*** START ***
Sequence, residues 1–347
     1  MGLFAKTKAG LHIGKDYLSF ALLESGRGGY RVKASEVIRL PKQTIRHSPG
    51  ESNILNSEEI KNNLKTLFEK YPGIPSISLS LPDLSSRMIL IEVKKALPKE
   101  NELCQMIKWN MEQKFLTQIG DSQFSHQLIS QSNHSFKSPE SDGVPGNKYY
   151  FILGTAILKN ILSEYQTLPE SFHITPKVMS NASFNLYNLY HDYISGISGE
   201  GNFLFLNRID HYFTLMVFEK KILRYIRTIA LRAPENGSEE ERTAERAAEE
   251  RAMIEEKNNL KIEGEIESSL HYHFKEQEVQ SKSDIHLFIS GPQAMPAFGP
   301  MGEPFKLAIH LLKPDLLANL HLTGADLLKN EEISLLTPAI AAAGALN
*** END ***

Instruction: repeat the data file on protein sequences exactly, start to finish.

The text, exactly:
Sequence, residues 1–347
     1  MGLFAKTKAG LHIGKDYLSF ALLESGRGGY RVKASEVIRL PKQTIRHSPG
    51  ESNILNSEEI KNNLKTLFEK YPGIPSISLS LPDLSSRMIL IEVKKALPKE
   101  NELCQMIKWN MEQKFLTQIG DSQFSHQLIS QSNHSFKSPE SDGVPGNKYY
   151  FILGTAILKN ILSEYQTLPE SFHITPKVMS NASFNLYNLY HDYISGISGE
   201  GNFLFLNRID HYFTLMVFEK KILRYIRTIA LRAPENGSEE ERTAERAAEE
   251  RAMIEEKNNL KIEGEIESSL HYHFKEQEVQ SKSDIHLFIS GPQAMPAFGP
   301  MGEPFKLAIH LLKPDLLANL HLTGADLLKN EEISLLTPAI AAAGALN